Entries linking to bakestone
Old English bacan "to bake, to cook by dry heat in a closed place or on a heated surface," from Proto-Germanic *bakan "to bake" (source also of Old Norse baka, Middle Dutch backen, Old High German bahhan, German backen), from PIE *bheg- (source also of Greek phogein "to roast"), extended form of root *bhē- "to warm" (see bath). Related: Baked (Middle English had baken); baking. Baked beans is attested by 1803.
Old English stan, used of common rocks, precious gems, concretions in the body, memorial stones, from Proto-Germanic *stainaz (source also of Old Norse steinn, Danish steen, Old Saxon sten, Old Frisian sten, Dutch steen, Old High German stein, German Stein, Gothic stains), from PIE *stoi-no-, suffixed form of root *stai- "stone," also "to thicken, stiffen" (source also of Sanskrit styayate "curdles, becomes hard;" Avestan stay- "heap;" Greek stear "fat, tallow," stia, stion "pebble;" Old Church Slavonic stena, Russian stiena "wall").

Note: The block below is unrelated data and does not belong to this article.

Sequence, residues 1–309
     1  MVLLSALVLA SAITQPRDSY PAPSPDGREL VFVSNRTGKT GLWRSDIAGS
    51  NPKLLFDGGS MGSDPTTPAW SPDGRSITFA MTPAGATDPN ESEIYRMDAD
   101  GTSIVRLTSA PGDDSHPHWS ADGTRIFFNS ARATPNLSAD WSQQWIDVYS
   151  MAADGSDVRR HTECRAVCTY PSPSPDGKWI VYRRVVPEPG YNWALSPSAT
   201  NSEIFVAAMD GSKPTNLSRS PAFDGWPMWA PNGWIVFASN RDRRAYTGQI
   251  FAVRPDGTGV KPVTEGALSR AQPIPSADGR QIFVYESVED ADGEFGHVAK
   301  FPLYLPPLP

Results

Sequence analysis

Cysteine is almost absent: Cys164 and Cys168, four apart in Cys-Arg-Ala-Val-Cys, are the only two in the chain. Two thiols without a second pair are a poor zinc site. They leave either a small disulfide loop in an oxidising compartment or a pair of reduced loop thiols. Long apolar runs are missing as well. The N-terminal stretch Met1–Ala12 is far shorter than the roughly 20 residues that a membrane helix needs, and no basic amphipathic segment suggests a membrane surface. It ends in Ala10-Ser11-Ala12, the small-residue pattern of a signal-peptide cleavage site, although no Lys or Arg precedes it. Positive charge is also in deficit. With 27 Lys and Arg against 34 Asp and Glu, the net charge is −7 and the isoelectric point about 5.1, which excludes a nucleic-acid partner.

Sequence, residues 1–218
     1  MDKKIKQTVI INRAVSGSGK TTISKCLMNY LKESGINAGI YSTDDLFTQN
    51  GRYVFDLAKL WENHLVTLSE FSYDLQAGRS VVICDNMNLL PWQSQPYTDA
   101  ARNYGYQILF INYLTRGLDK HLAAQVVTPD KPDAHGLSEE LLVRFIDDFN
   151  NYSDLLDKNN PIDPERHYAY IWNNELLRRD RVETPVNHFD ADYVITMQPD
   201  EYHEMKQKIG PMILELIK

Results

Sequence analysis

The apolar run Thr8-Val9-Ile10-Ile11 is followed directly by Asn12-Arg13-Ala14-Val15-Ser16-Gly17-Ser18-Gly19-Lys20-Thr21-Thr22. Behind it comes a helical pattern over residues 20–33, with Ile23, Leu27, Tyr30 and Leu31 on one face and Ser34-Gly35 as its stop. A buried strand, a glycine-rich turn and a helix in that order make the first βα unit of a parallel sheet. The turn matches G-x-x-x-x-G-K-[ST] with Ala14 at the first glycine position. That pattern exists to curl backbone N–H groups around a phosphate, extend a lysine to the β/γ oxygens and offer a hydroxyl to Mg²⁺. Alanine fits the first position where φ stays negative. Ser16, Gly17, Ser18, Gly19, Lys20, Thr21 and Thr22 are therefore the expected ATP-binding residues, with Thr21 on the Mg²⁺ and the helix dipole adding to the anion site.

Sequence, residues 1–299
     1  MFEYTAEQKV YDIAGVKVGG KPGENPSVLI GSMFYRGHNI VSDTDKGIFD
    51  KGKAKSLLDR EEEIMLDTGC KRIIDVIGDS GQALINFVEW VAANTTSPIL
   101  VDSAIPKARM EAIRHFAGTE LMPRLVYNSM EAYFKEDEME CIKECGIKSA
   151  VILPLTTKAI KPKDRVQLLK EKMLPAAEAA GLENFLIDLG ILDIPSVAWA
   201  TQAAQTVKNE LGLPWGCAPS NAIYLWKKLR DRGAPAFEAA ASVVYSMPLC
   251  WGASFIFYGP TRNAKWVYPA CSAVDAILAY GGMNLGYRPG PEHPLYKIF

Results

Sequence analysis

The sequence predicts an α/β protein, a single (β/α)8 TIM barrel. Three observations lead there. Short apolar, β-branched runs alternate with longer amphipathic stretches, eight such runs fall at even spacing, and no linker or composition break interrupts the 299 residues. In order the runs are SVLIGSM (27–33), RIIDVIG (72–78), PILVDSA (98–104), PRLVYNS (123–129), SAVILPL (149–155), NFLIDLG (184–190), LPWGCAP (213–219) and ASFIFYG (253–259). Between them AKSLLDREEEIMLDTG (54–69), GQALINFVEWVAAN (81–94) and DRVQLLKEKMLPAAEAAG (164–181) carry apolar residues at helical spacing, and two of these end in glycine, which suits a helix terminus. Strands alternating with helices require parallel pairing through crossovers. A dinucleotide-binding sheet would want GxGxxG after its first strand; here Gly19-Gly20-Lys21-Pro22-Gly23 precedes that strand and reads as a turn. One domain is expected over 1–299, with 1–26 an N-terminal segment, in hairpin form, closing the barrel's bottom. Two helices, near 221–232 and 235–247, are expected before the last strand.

Sense of "testicle" is from late Old English. The British measure of weight (usually equal to 14 pounds) is from late 14c., originally a specific stone. Stone-fruit, one with a pit, is from 1520s. Stone's throw for "a short distance" is attested from 1580s. Stone Age is from 1864. To kill two birds with one stone is first attested 1650s. To leave no stone unturned is from 1540s.
updated on March 20, 2017